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The infamous Potato Salad Kickstarter fulfills its final goal with this cookbook

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An in-joke among friends two years ago delivers its last punch line

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The guy who raised more than $50,000 on Kickstarter to make a bowl of potato salad two years ago has published a memoir/recipe book that, at last, fulfills the final stretch goal of the crowdfunding caper.

Zack "Danger" Brown, with co-author Teresa Blackburn, has finished The Peace, Love & Potato Salad Cookbook, which will be given free to all who pledged $50 or more during the July 2014 Kickstarter, which started as a $10 satire and morphed into one of the most unexpectedly successful campaigns ever. The book, published by Spring House Press, also is available to the general public for $16.95.

"This, I feel, bookends the whole thing," Brown, of Columbus, Ohio, told Polygon. "I'm finally done with fulfilling rewards, two years after the fact."

Brown opened his Kickstarter on the Independence Day weekend of 2014 — a perfect holiday, given the subject matter — seeking $10 to make a bowl of potato salad. The crowdfunding goof quickly went viral, delivering Brown $55,492 when it closed a month later.

Brown added off-the-wall "stretch goals" as the funding gathered steam, including "better mayonnaise" in the recipe, haikus written in donors' honor, signed jars of mayo, and a trucker hat from a custom apparel store.

"While the potato salad Kickstarter was going on, I was at my friend Josh's bachelor party and was drunkenly encouraged to add a cookbook to the reward tiers," Brown told Polygon. "I did it without giving any thought to how much effort would be required to produce a book."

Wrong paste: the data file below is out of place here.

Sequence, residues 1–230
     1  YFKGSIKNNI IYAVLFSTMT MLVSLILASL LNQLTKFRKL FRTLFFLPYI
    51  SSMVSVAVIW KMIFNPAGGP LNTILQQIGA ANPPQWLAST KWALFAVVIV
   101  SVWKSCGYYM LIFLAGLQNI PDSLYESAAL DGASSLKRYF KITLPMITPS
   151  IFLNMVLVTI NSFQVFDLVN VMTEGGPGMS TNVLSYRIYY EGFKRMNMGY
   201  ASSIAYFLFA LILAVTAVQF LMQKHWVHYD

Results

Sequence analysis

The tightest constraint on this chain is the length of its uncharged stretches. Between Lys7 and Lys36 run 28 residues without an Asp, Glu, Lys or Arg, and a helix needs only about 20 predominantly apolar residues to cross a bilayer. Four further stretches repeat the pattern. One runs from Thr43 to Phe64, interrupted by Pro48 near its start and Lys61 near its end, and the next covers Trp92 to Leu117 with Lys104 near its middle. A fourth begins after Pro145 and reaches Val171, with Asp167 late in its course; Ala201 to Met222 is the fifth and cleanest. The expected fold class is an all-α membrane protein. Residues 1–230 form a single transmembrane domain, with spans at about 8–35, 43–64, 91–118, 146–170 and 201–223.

potato salad kickstarter recipe

Brown put most of the money toward a free "PotatoStock 2014" festival in Columbus in September that year, and made a large contribution to a civic foundation aiding organizations working to end hunger and homelessness in Ohio. Still, the cookbook promise lingered incomplete, leaving Brown feeling like the dog who caught the car.

"A friend named J. Spinks approached me about a year after the Kickstarter was over and offered his services," Brown said. "He's a creative director and had worked with food stylists and photographers on corporate shoots before. He introduced me to Danielle Atkins and Teresa Blackburn, and the four of us made the book as equal partners."

The lavishly illustrated book reveals the backstory of the Kickstarter prank, starting it all with a Columbus Dispatch article about potato salad that became an in-joke among Brown and his friends. The Kickstarter campaign was an escalation of all that joking, and Brown writes that he expected Kickstarter to step in and put an end to the shenanigans. They didn't. And over July Fourth weekend — "the potato salad Super Bowl" as he calls it in the book — the donations poured in.

Brown and Blackburn's cookbook groups the potato salad recipes into four seasonal genres, beginning with summer and "The Classic Potato Salad." It includes variants such as "Grilled Flank Steak & Potato Salad Tostados," "Blue Cheese Baby Beet Potato Salad," and "Salt-Cooked Fingerling Potato Salad & Garlic Cilantro Mojo."

"I am a VERY average cook," Brown said, throwing credit to Blackburn and his collaborators for the recipe variety.

With the cookbook's publication, Brown, a 33-year-old software engineer, seems happy to get his normal life back. He recently started a new job and was introduced at the company's HR orientation as "the potato salad Kickstarter guy." In the two years since that episode, he founded a startup that uses an app to help safe drivers save money on their car insurance, and was part of a successful $21,000 Kickstarter campaign to create a board game.

"Having the book done will free up time to do stuff like that," Brown said.